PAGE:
Life is shorter than the flowers
Miles Wipper was a compassionate, caring, non-conformist young man who was loved by many. At the age of twenty, Miles died on August 8, 2006 in Asheville, NC.
Normally my radio show, Melva's Musing on Jazz, focuses on the jazz sound, past and present, of North Carolina jazz musicians. But on Aug. 13, 2006 with major assistance from Aaron Summer, step-brother of Miles, I played the songs that were much loved by Miles. Joining us in the studio were David Summer, Emily Wipper, Ian Putnam, Sam McTavey, Julie Gignoux and Kate.
Miles was a guitar player from a talented musical and artistic family. Family and friends listened to the show and danced to the wonderful music - it was a touching and loving way to celebrate the life of Miles Wipper.
The songs played on my radio show included -
All You Need is Love (Beatles)
Marie (Django Reinhardt)
Opus de Funk (Horace Silver)
Saresta (Bela Fleck & the Flecktones)
Make Me Smile (The Slackers)
Running Down & Dream (Tom Petty)
Stella by Starlight (Miles Davis)
Tunnel of Love (Dire Straight)
Blue in Green (Miles Davis)
It Don't Mean a Thing (Europa Jazz Quartet)
Listening to the Rain (Doc Watson & Merle Watson)
Farther on Down the Road (Taj Mahal)
Dancing on the Ceiling (Charlie Parker)
Gumboots (Paul Simon)
One Love (Bob Marley)
Many Rivers to Cross (Jimmy Cliff)
Earlier in the day of Aug. 13, 2006, over five hundred people filled and overflowed the Century Center in Carrboro (NC) to celebrate the life and joy of Miles Wipper. People came from all over the world to honor his life.
Miles was - a Writer Humorist Philosopher Inquisitive Patient A good listener Active listener Role model Honest Dependable Enthusiastic Kind Compassionate Trusting sole Calm Focused Enriched by friendship Football player at CHHS Musician Music lover Sensitive Open Emotional Expressive An unsung hero Blissfully unaware of how loud he was Own sense of timing Easily cried Big ideas Great sense of wonder Big heart Loved to discover Inquisitive Spiritually involved Clumsy Unbridled generosity Non-conformist Non-compliant Didn’t care if he fit in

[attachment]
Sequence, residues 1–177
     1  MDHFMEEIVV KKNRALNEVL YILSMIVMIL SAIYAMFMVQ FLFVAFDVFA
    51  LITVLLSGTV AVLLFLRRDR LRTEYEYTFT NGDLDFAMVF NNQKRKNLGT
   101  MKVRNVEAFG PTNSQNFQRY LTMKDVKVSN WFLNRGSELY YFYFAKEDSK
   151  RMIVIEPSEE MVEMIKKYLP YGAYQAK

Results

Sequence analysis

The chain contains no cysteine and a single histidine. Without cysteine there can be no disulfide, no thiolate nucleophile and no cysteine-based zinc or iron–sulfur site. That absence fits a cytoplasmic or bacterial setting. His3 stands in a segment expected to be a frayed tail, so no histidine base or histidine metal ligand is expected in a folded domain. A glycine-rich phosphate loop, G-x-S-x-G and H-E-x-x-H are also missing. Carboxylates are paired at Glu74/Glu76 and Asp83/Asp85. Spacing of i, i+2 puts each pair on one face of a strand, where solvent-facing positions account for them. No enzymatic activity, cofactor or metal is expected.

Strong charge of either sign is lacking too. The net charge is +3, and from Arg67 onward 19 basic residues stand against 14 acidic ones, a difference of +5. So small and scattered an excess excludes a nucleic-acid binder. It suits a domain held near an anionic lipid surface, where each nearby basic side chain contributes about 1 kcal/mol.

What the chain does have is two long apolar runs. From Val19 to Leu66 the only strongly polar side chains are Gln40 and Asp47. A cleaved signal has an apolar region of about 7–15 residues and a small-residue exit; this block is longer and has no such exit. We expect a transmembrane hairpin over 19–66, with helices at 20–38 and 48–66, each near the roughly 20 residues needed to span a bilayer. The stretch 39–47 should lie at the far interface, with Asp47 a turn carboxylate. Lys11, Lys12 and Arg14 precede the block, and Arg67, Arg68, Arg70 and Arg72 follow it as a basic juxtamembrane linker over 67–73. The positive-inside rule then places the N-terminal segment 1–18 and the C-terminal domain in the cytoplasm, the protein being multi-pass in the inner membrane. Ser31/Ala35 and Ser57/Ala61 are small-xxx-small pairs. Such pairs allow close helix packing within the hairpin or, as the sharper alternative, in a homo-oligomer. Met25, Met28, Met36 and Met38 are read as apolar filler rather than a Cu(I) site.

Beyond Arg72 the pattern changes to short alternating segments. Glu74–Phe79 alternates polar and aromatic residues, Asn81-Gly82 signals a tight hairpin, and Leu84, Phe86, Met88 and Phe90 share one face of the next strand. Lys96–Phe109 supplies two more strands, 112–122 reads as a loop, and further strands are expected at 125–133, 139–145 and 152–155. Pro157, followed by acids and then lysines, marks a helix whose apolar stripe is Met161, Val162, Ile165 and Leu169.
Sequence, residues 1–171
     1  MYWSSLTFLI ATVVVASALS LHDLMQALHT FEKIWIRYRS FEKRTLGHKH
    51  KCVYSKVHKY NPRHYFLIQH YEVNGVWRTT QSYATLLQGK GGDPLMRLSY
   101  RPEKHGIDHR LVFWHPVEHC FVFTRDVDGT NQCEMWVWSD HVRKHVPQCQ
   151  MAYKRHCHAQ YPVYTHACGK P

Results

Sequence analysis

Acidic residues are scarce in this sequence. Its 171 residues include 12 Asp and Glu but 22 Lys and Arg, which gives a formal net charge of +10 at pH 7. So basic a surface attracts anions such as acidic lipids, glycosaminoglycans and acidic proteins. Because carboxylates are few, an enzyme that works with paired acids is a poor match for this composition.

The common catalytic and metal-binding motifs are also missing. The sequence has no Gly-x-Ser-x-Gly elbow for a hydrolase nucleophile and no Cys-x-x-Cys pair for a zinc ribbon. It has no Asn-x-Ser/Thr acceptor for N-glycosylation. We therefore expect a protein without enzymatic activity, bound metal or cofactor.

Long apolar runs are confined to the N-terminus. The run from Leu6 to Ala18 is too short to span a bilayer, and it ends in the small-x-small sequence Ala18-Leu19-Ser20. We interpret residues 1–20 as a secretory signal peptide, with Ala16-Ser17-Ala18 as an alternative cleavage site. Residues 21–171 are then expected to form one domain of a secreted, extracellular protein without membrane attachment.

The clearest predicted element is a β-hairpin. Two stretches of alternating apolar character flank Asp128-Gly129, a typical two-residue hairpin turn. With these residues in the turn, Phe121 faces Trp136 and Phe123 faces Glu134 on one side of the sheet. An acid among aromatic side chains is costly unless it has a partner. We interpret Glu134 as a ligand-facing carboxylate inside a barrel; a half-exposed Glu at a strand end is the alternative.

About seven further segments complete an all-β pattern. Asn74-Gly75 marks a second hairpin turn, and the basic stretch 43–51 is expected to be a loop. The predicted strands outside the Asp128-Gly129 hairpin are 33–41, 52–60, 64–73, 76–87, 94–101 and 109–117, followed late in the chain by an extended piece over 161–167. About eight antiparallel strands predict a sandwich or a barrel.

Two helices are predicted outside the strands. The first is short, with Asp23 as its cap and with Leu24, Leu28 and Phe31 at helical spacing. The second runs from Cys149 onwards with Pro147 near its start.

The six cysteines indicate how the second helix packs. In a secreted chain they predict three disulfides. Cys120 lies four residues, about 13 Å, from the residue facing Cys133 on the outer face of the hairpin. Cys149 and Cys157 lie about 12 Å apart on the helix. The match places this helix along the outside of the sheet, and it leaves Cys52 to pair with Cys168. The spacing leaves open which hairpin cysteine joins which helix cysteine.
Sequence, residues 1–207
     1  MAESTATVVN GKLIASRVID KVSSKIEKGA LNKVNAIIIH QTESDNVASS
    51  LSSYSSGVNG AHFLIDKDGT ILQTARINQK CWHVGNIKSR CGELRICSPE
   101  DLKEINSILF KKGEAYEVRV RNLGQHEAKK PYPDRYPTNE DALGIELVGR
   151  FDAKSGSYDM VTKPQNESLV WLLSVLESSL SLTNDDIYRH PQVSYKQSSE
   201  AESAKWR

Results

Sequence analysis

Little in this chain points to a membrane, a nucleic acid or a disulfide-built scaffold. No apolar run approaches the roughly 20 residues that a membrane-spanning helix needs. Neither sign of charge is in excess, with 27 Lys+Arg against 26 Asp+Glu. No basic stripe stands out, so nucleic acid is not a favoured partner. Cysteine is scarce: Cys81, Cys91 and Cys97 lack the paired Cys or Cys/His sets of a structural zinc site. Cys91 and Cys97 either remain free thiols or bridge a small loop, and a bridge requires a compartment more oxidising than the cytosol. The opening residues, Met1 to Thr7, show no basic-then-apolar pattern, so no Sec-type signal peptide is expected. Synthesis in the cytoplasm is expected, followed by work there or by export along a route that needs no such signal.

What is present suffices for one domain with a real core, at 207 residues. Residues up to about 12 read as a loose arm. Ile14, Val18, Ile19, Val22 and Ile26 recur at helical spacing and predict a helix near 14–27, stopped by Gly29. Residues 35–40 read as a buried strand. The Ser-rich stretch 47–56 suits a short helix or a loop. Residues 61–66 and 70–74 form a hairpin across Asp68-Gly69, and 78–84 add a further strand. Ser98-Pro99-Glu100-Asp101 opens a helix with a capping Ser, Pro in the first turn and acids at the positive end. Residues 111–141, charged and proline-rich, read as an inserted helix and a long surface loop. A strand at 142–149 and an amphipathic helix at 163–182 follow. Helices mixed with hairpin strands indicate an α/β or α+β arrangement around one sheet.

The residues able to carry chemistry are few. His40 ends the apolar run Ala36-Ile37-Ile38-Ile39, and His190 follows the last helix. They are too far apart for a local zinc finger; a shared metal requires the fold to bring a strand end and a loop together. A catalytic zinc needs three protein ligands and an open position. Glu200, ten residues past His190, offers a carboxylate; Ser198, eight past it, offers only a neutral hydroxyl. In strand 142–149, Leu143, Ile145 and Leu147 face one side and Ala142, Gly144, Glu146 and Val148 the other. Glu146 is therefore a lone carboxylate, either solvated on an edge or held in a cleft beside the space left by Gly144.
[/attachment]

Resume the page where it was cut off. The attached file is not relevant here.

One day, when Miles was a child, he asked his dad what he believed in. His dad went on about believing in love, and family, and friends (while naming all the members of the family). When he was done, Miles turned to him and said, "Yeah, Dad, but do you believe in dinosaurs."
Miles – "Don’t take things too seriously, you’ll miss all the fun."
Miles – asked his dad what was in the blackness between the stars. Miles’ philosophy – "there are stars and then there is the space between the stars, and some of the blackness you can’t control, and some of that space you can make it up."
Emily his sister told the story – A week before Miles died she had visited Asheville and spent time with him. She was with friends on Sunday morning at Rosetta’s Kitchen, a vegan restaurant in Asheville. She called Miles on her cell phone to say good-bye and to encourage him to stop by the restaurant if he could before she left. She finished her message and looked up and there was Miles coming out of the Ladies Room at Rosetta’s Kitchen. Emily asked what he was doing there, and he said he had just stopped by to use the restroom.
Favorite Foods – the beige foods, "Beige is Good" including Cheerios, chick peas (obsessed, so concise), tuna, Tootsie Rolls (one penny purchase could make him happy and joyful – "Wow, I can’t believe I got that.")
Miles grew up in a family of cloth napkins – he wore his on his head.
Miles’ letter to Santa written when he was seven years old
This year I’m not asking for any present for I find that less fortunate people need it more than me. Besides, I already have a good life and plenty of friends. What more could a kid ask for?
But I do have one little Christmas wish, which is that for people to make friends and have less fights and for peace on earth. I think that a simple toy is nothing compared to the sharing and giving of Christmas time and that’s what really counts. But if other people would see the point in this letter, they would see the true meaning of Christmas.
That’s all I have to say for now and I hope everyone has a Merry Christmas.
p.s. tell Rudolf and the others I said ‘hi’.
We will miss Miles but are thankful for the beauty of his life and soul.
Melva's Musings on Jazz can be heard every Sunday night from 7:00-9:00 p.m. (EST) and is accessible via web-broadcast at communityradio.coop. Please join me - Melva